Tears of the Sun continues on from The High King of Montival with Rudi now High King and the various changes the various regions that make up the new kingdom are going through. We also get a good view of how preparations are going for the war against the Church Universal and Triumphant, the war itself, and how everyone who had been previously nonreligious are now suddenly finding religion now that magic of some variety works.


Read the rest of this review on A Wicked Convergence of Circumstances
moonplanet: Kagome from Inuyasha (kagome-rain)
[personal profile] moonplanet
(I took care to give no obvious spoilers about the story)

Title: Chobits anime comic #5 / ちょびっツアニメ版5 (on Amazon)
Author: CLAMP
Format: paperback
Pages: 128
Year published: 2002 (first edition)
ISBN number: 4063101665
Reason for reading: A friend had a few Japanese Chobits anime comics I could borrow. As I really enjoyed the manga and I have never seen the anime, I thought it was a nice opportunity to see if I liked the stories in the anime (an "anime comic" contains the stories in the anime with screenshots and speech ballons and drawn sound-effects).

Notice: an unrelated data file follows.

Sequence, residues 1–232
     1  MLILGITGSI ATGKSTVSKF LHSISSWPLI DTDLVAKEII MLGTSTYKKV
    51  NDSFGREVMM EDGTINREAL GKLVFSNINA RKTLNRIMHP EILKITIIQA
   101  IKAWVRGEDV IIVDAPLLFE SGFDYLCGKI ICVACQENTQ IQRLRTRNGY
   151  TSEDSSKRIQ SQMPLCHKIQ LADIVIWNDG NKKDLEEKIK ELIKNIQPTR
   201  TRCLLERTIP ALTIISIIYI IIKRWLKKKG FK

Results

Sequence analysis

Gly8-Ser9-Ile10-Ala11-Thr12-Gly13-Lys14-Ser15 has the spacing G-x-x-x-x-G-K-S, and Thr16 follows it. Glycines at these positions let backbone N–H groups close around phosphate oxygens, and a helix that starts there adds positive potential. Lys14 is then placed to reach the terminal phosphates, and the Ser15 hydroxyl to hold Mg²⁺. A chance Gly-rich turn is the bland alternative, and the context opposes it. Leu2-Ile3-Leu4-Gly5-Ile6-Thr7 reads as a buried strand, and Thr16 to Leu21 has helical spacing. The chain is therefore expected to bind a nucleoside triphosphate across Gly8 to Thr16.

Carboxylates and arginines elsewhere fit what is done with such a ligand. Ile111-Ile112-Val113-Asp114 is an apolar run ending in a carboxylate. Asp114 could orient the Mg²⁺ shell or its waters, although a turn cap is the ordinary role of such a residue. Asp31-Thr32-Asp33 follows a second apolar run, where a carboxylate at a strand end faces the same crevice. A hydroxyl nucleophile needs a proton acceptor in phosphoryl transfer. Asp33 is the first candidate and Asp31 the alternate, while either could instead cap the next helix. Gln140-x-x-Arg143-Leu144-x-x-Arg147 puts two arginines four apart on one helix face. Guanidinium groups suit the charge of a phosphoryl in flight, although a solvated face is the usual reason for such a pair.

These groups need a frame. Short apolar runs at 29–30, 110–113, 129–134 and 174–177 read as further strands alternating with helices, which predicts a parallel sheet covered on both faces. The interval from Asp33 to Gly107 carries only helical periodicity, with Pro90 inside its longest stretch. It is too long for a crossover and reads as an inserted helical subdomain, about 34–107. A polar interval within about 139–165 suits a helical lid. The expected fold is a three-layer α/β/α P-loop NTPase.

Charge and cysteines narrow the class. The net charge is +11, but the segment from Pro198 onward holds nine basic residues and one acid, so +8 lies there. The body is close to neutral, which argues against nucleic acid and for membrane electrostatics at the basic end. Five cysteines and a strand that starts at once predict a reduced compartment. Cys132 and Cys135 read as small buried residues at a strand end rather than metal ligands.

Episodes in this book:
13: ちぃ 海いく (Chii "go sea")
14: ちぃ もてなす (Chii "entertain")
15: ちぃ 何もしない (Chii "do nothing")

Review:
Read more...
moonplanet: Dutch cover of His Dark Materials book 1, "Het Noorderlicht" by Philip Pullman (rodepanda_li)
[personal profile] moonplanet
(I took care to give no obvious spoilers about the story)

Title: Moshie Cat - The true adventures of a Majorcan kitten (on Librarything)
Author: Helen Griffiths
Format: paperback
Pages: 129
Year published: original 1969, my edition 1977
ISBN number:067129816X
Reason for reading: In elementary school I borrowed the Dutch version (title "Misjo") from the library. It was a very old book, but I really really liked it. When I wanted to borrow it again a short while after, it wasn't present at the library anymore. They had book sales of old books and I suspect they put the Misjo book in the "sales" as well. I wasn't able to find it for a very long time, but last year it appeared on Bookmooch. However, the person offering it only sent within the USA, but as someone else in the USA was filling a box of such books for me, I asked if she wanted to mooch it and put it in the box as well. It took a while, but now I could finally read the book again :D

Back cover text: